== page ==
Person of the Year
The Short List
THE SHORT LIST: NO. 4
PERSON OF THE YEAR 2017
A prosecutor known for rigor and rectitude goes after the president’s men
On May 17, the U.S. Department of Justice gave Robert Mueller a mission at once simple and daunting: investigate the Russian government's efforts to interfere in the 2016 U.S. presidential election; uncover any coordination between Moscow and members of Donald Trump’s campaign; and prosecute any crimes that were committed in the process.
Since Mueller took up that task, the special counsel has held the country in his thrall. Backed by an independent budget, rare bipartisan support and a team of veteran cops and prosecutors, he has made news even when he tried not to. Loose-lipped lawyers for Trump and his associates leaked details of the probe to the media. Scraps of evidence made their way into public view from separate investigations in Congress. And the President, not known to be a target of the probe himself, fumed publicly as his first year in office was consumed by the once-in-a-generation spectacle of a powerful prosecutor on the trail of the President's men.
Watch: Why the Silence Breakers Are the 2017 Person of the Year
The tension rose when the special counsel started laying out his case. On Oct. 30, Mueller charged Trump's former campaign chairman, Paul Manafort, and Manafort's deputy with money laundering and other crimes, and secured a plea deal and pledge of cooperation from a low-level campaign adviser. A month later, on Dec. 1, Trump's former National Security Adviser, retired Lieut. General Michael Flynn, pleaded guilty to a single charge of lying to the FBI and swore to tell Mueller everything he knew about contacts that he and others had with Moscow.
As the investigation edged closer to Trump himself, and speculation ramped up about where it would all lead, it was easy to forget the essential dynamic of how it all began.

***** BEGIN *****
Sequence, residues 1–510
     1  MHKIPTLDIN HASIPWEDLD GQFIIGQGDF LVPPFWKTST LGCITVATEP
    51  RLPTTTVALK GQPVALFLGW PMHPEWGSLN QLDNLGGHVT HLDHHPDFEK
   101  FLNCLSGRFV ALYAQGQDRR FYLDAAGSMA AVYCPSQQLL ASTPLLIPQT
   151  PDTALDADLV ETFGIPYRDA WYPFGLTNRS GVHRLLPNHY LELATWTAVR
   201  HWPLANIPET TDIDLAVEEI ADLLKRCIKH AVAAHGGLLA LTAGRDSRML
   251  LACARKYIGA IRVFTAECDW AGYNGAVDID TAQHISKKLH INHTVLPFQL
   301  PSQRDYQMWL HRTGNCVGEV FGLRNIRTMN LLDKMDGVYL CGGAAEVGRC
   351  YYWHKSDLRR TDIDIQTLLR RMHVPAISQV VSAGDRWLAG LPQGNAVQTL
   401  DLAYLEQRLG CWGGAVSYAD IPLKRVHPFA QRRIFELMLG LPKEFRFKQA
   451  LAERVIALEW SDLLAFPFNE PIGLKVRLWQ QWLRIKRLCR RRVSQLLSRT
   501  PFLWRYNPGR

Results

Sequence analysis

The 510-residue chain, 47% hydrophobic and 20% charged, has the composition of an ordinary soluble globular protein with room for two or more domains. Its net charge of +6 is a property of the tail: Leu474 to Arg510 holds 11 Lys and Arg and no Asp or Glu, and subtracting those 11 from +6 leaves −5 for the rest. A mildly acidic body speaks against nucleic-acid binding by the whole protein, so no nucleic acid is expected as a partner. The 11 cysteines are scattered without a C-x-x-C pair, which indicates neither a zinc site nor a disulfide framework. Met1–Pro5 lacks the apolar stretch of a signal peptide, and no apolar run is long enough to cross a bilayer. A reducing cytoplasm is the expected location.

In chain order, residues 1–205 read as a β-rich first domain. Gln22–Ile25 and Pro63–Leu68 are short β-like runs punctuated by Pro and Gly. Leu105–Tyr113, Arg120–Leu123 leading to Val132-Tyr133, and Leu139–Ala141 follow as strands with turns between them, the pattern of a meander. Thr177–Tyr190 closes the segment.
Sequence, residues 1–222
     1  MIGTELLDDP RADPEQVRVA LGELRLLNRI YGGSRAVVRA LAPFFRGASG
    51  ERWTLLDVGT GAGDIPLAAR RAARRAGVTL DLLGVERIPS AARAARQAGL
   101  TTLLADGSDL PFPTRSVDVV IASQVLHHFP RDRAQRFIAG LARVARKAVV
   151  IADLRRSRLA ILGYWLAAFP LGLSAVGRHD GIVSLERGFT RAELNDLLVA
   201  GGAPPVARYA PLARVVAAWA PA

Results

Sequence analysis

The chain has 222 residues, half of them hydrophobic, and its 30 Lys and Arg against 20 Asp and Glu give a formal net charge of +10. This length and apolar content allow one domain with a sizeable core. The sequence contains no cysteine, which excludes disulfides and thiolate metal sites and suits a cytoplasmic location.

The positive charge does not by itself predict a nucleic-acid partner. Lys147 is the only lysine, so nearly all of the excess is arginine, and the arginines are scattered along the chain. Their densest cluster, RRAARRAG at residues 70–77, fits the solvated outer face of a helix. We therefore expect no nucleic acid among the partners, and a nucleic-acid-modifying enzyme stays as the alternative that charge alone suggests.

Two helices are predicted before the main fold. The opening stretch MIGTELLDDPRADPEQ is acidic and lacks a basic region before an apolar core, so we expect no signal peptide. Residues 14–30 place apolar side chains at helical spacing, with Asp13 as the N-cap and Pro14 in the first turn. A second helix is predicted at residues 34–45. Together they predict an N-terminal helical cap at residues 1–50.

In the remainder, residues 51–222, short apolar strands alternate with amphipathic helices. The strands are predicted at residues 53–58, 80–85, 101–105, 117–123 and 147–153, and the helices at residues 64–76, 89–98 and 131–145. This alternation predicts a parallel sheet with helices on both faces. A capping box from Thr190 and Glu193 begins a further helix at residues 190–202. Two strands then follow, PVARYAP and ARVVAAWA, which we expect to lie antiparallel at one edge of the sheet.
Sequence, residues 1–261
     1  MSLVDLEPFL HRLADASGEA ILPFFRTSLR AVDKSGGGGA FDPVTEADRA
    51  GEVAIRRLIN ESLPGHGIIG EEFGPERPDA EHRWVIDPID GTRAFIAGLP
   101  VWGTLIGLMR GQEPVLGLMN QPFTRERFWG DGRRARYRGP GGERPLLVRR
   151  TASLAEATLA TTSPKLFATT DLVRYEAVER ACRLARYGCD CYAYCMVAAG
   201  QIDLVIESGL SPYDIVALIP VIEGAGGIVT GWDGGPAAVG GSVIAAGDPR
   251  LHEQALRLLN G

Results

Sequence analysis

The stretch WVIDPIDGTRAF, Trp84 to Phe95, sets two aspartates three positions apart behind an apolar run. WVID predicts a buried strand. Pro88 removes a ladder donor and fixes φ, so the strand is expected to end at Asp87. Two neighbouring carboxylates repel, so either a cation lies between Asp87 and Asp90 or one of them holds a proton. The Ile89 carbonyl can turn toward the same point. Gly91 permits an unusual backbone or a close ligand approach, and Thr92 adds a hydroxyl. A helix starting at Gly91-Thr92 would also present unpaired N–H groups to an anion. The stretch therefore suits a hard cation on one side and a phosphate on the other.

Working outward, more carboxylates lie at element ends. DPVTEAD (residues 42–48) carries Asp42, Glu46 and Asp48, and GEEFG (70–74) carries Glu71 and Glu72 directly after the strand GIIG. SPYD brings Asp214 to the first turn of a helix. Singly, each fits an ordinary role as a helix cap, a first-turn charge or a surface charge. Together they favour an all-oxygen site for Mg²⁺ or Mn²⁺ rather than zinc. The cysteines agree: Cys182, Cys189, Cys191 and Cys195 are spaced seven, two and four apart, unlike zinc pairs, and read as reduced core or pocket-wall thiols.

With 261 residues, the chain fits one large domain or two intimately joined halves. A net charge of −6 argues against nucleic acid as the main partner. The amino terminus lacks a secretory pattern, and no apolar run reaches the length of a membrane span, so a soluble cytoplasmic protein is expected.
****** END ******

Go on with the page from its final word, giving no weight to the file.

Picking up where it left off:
Washington is all about rules. One branch of government writes them, another settles arguments about them, the third enforces them. The high political drama of 2017 flowed from the arrival in our nation's capital of a roguish figure elected on the exhilarating notion that rules are to be flouted. But what felt liberating on the campaign trail proved challenging in a city built on constraint, where every 12th resident is a lawyer, or an officer of the court.
There is barely a handful of people in all of America with the reputation and experience to take on the task of untangling a multipronged Russian influence operation from one of the most disorganized presidential campaigns in memory. After Trump fired FBI Director James Comey in May, initiating a crisis at the very top of government, the sighs of relief in Washington were audible when Deputy Attorney General Rod Rosenstein named Robert Swan Mueller III to the task of investigating. Democrats and Republicans alike praised the patrician former Marine. Even Newt Gingrich, a close Trump ally, tweeted that day, "Robert Mueller is superb choice to be special counsel. His reputation is impeccable for honesty and integrity."
Mueller served in Vietnam from 1968 to 1969, was wounded in combat and earned a Bronze Star with a V for valor, a Purple Heart and two Navy Commendation Medals. He got his law degree from the University of Virginia, and after a few years at a white-shoe firm, joined the U.S. Attorney's office in San Francisco. George W. Bush brought him back to Washington to be No. 2 at Justice, and he was sworn in as director of the FBI seven days before Sept. 11, 2001.